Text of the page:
In recent years, swordplay has become more popular due to its status as an Olympic sport and the recent rise in old-timey crimes. Prepare for a duel with today's Groupon: for $35, you get three Introduction to Fencing classes at Red Rock Fencing Center (a $75 value).
The sword wielders of Red Rock Fencing Center impart their knowledge of swordplay to hopeful musketeers through a series of Introduction to Fencing classes. Combatants can etch their initials into the wall with three different blades, including the foil, the épée, and the saber, during the trio of 90-minute courses. While training, youth and adults alike learn from Olympic-class instructors on FIE-approved floors sporting Sport-Flex rubber, which aims to reduce or eliminate stress on joints and leg muscles. The studio's mirrored walls facilitate self-observation while students hone their form and practice debonair poses. Although Red Rock provides fencing equipment, students should prepare for movement by bringing sneakers, sweatpants, and a water bottle. Introductory classes are held on Friday from 6:30 p.m. to 8 p.m.
Red Rock Fencing Center
Director of Red Rock Fencing Center Frank Van Dyke is a longtime expert when it comes to the sport, with more than 30 years as a fencer, coach, and referee. He trained under one Olympian and three Olympic coaches before becoming a certified member of the U.S. Fencing Coaches Association and ascending to the board of the United Fencing Federation. The energetic Van Dyke does not rest on his laurels, competing to maintain world-class A-rated abilities with an épée, which crowns his talent with foil and sabre. In both instruction and competition, he draws techniques from German, Russian, Chinese and American Olympic schools, and specializes in strip and team tactics.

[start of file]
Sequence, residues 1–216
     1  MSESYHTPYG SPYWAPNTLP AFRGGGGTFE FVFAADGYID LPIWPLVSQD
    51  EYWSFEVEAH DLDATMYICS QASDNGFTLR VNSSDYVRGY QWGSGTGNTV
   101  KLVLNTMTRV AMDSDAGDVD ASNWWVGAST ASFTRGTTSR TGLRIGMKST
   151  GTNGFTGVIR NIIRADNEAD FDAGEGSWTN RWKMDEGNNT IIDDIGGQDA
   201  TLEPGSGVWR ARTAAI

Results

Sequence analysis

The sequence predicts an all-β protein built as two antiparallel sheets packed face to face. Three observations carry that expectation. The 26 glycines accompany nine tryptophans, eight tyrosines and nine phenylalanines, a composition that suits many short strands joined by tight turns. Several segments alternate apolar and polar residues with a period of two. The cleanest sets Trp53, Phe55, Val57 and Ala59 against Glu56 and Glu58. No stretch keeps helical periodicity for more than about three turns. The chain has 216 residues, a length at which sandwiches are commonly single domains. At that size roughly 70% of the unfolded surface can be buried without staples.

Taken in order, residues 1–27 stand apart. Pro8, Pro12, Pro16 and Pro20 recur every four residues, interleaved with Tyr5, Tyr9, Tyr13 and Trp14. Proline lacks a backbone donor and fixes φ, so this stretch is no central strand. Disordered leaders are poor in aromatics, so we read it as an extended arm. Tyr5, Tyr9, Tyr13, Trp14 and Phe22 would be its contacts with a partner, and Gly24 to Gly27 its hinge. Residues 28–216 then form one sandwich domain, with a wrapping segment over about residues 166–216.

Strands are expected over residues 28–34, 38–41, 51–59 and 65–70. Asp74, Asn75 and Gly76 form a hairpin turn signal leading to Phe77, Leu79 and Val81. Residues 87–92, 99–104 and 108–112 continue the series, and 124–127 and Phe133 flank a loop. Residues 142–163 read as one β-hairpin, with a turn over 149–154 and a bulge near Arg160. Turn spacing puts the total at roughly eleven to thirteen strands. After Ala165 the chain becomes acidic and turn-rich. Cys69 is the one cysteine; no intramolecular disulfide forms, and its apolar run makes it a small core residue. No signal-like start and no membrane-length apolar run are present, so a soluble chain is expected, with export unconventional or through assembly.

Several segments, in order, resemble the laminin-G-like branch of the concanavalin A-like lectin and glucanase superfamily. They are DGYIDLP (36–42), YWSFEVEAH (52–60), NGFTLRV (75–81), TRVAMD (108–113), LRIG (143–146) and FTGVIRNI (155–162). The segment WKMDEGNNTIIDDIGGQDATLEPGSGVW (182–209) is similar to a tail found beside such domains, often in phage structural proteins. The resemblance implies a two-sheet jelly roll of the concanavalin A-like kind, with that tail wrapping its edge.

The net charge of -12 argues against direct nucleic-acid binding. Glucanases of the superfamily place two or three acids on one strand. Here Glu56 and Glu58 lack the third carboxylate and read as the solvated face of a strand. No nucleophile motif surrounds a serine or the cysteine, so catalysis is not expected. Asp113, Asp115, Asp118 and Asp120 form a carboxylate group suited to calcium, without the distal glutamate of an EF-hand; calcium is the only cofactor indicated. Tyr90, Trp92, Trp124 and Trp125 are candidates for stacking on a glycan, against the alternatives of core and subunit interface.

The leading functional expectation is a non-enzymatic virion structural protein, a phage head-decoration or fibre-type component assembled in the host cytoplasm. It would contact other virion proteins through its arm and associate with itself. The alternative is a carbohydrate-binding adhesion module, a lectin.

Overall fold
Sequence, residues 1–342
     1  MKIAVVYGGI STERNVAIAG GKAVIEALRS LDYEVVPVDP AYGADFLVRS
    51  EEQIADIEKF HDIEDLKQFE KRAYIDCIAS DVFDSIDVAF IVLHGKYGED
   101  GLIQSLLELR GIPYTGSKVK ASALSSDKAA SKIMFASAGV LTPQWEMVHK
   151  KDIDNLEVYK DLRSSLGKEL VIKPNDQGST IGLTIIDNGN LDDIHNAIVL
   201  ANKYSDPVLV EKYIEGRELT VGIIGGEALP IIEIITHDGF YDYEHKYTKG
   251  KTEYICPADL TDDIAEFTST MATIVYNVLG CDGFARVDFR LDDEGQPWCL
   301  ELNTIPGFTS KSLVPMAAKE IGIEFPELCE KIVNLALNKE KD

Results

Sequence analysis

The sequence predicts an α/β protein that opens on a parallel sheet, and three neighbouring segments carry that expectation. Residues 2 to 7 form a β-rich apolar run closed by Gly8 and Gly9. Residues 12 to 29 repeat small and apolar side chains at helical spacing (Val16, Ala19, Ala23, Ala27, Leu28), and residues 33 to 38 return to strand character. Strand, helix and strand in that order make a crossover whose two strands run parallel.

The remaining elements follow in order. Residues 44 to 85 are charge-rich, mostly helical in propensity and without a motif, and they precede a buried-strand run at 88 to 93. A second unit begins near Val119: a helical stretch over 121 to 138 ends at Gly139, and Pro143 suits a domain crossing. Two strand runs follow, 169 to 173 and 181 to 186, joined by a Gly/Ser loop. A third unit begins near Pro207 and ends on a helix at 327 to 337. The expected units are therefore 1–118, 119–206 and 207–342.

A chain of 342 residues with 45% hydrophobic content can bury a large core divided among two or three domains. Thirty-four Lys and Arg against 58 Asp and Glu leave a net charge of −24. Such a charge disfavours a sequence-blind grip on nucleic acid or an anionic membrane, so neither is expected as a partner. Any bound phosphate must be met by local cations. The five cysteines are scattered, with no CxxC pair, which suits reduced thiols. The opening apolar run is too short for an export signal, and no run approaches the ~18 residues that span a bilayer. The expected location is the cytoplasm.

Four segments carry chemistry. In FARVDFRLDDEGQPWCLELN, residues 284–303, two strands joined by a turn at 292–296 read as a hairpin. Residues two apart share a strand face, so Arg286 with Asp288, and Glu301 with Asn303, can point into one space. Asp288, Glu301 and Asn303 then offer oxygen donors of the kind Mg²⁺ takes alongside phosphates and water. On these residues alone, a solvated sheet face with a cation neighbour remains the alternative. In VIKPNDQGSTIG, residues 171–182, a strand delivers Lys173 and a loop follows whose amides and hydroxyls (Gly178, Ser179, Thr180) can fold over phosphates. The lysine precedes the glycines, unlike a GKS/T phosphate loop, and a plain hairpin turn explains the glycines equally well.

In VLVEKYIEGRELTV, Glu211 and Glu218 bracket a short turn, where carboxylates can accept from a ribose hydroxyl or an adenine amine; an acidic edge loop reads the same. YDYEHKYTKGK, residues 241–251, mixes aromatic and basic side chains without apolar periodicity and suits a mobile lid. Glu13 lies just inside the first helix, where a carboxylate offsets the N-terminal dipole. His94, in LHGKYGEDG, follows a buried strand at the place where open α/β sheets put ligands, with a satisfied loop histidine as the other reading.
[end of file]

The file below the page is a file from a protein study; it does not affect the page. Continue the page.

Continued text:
The fencing center embodies both Van Dyke's zeal for excellence and dedication to his community. Olympic and World Cup instructors teach skills in all three weapons to competitive and amateur students, who parry across custom flooring designed to absorb the shocks to joints and muscles caused by forceful lunges and sudden NASA landings. Every Saturday, the team hosts a public tournament for anyone who contributes to its accompanying potluck, and heads beyond the center to work with boy scouts and schoolchildren.